Read only if: 1. You're John Sandford's A+ Number One Fan 2. You are a completionist and must read every book in the Lucas Davenport series 3. You're secretly in love with/wish you were Sonny Crockett, a spiffy dressed Extra Special Maverick Detective who loves clothes and women in equal proportions, with fast cars a close third 4. You never tire of the serial killer character and their 'games' with the police 5. You have no problem with detectives sexing the recent victim of an attempted rape/homic Read only if: 1. You're John Sandford's A+ Number One Fan 2. You are a completionist and must read every book in the Lucas Davenport series 3. You're secretly in love with/wish you were Sonny Crockett, a spiffy dressed Extra Special Maverick Detective who loves clothes and women in equal proportions, with fast cars a close third 4. You never tire of the serial killer character and their 'games' with the police 5. You have no problem with detectives sexing the recent victim of an attempted rape/homicide 6. You are stuck in Newark Airport and this is the only book available

  3. 5 out of 5

    James Thane

    This is the book that introduced Minneapolis homicide detective Lucas Davenport, a cunning, tough, and intelligent cop who is willing to bend the rules, if necessary, to get a dangerous killer off the streets. Davenport is independently wealthy, thanks to the fact that he writes video games in his off-duty hours. He drives a Porsche, wears Italian suits and reads Emily Dickinson. A former college hockey player, he's a man's man who is also very attractive to women. But he does have his standards This is the book that introduced Minneapolis homicide detective Lucas Davenport, a cunning, tough, and intelligent cop who is willing to bend the rules, if necessary, to get a dangerous killer off the streets. Davenport is independently wealthy, thanks to the fact that he writes video games in his off-duty hours. He drives a Porsche, wears Italian suits and reads Emily Dickinson. A former college hockey player, he's a man's man who is also very attractive to women. But he does have his standards. When one of his lovers suggests that Lucas is willing to bed virtually any attractive female who comes along, he corrects her by pointing out that he never sleeps with dumb women. That said, his best female friend is a nun. By the time he first appears, Davenport has already established his reputation as a gifted detective, and when a serial killer known as the Mad Dog, begins killing women in the Twin Cities, the Chief of Police assigns Lucas to the case. Initially, at least, the Mad Dog is a very worthy adversary. He's careful, intelligent, and he follows a set of basic rules, one of which he leaves on the body of each of his victims. For example, "Never kill anyone you know;" Never have a motive;" "Don't follow a discernable pattern," etc. The battle of wits is an engaging one and the reader is caught up in the game immediately. Lucas Davenport has gone on to become one of the most popular characters in modern crime fiction, and this is an excellent introduction both to the character and to the series. The book is cleverly plotted; the action moves swiftly, and Davenport is an extremely appealing protagonist. The supporting cast is well drawn and will grow increasingly important as the series progresses. Although often darkly violent, all of the books, beginning with this one, also have a very dark sense of humor as well. Sandford knows exactly how to straddle the line here, a talent that very few other authors illustrate better than he. It's hard to imagine that there's any fan of crime fiction who has not made Davenport's acquaintance by now, but if you've just returned from a twenty-eight-year sojourn on Neptune or some such place where these books haven't yet been published, by all means, race out to your local bookstore and buy them all. As is the case with a lot of series, it's important that you read this one in order, simply to enjoy the development of these characters as they move through the years.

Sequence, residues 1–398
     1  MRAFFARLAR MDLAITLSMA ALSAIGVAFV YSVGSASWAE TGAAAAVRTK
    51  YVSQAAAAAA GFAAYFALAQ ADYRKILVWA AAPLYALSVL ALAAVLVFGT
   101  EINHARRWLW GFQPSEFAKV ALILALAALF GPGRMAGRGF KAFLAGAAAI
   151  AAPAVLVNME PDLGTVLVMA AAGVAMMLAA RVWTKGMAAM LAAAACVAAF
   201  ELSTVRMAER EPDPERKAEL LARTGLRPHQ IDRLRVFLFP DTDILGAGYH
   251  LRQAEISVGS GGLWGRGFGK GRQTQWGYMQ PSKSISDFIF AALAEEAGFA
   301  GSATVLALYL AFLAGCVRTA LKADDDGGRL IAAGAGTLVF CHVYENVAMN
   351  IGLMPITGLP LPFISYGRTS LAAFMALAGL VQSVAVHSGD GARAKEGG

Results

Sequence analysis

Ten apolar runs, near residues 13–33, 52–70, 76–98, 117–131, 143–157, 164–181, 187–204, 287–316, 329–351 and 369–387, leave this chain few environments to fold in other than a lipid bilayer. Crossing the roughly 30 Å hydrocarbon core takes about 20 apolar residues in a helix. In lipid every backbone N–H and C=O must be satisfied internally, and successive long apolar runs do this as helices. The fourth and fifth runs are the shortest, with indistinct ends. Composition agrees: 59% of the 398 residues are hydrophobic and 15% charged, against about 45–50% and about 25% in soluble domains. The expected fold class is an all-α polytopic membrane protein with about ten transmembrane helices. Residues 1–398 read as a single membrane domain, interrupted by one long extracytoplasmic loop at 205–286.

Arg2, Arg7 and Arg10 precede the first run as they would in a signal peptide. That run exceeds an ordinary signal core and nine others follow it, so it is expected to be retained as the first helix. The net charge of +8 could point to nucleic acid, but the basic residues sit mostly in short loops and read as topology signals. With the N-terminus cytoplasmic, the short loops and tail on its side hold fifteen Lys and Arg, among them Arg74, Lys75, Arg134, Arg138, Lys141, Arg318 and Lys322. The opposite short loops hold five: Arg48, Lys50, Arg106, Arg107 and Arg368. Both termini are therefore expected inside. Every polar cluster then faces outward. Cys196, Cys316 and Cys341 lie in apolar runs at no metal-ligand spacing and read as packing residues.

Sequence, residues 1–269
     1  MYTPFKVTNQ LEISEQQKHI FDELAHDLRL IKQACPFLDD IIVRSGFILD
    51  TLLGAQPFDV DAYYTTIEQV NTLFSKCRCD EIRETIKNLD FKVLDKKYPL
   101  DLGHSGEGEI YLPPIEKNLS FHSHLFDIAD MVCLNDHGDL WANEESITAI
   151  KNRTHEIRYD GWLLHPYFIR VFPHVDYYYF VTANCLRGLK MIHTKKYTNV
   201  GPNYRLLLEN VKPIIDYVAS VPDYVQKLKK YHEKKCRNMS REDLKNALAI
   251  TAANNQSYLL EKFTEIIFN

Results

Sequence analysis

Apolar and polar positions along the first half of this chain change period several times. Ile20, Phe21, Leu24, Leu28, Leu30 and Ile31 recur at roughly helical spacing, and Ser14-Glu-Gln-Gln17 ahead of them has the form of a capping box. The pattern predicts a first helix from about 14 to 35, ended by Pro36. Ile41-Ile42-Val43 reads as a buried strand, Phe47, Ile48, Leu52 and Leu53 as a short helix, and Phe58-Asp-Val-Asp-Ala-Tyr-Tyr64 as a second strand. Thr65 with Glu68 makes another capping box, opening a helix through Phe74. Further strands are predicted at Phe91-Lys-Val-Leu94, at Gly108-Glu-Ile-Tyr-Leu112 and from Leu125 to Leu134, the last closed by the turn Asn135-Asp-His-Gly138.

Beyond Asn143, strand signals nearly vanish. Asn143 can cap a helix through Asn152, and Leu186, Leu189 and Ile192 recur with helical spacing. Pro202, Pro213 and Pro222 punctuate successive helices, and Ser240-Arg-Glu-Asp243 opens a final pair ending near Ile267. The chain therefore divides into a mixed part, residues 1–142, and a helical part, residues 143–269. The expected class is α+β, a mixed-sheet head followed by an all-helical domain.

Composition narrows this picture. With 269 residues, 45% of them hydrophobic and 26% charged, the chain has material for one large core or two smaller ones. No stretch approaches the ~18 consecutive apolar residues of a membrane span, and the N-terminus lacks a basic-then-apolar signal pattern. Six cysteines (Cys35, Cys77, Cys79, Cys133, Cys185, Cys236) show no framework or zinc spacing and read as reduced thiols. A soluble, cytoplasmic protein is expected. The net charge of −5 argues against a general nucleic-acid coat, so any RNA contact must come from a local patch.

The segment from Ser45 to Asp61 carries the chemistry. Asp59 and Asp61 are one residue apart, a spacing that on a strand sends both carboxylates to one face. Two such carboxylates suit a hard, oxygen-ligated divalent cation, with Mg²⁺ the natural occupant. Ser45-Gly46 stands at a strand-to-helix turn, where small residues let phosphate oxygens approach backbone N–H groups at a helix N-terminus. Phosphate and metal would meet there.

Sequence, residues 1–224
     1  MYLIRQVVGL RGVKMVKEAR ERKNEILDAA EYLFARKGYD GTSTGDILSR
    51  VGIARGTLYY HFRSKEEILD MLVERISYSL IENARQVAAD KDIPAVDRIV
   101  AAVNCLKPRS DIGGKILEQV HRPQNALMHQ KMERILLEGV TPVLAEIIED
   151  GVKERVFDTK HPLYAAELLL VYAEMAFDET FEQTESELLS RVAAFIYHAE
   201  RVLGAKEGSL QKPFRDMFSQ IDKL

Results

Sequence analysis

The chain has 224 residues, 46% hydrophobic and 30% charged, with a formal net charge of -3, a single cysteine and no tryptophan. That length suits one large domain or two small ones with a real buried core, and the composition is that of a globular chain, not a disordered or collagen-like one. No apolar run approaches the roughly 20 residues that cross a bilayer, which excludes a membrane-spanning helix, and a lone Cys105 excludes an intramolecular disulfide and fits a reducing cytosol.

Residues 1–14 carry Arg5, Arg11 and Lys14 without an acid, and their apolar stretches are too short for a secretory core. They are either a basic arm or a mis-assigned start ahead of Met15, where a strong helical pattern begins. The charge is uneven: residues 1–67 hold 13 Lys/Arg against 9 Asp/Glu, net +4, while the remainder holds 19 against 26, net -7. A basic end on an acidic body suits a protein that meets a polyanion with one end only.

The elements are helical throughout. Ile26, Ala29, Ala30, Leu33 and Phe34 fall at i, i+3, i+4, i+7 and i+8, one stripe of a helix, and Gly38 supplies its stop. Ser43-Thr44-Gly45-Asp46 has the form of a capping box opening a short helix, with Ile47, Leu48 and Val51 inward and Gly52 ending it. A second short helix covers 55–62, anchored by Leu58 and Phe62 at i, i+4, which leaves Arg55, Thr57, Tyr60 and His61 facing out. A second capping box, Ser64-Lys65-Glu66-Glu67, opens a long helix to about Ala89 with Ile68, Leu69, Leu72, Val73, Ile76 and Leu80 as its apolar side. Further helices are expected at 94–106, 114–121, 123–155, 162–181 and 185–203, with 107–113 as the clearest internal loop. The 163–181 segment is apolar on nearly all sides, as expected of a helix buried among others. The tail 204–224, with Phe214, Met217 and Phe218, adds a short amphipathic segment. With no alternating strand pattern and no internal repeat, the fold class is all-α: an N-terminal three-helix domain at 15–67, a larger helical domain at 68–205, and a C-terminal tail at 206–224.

4. 5 out of 5

    Thomas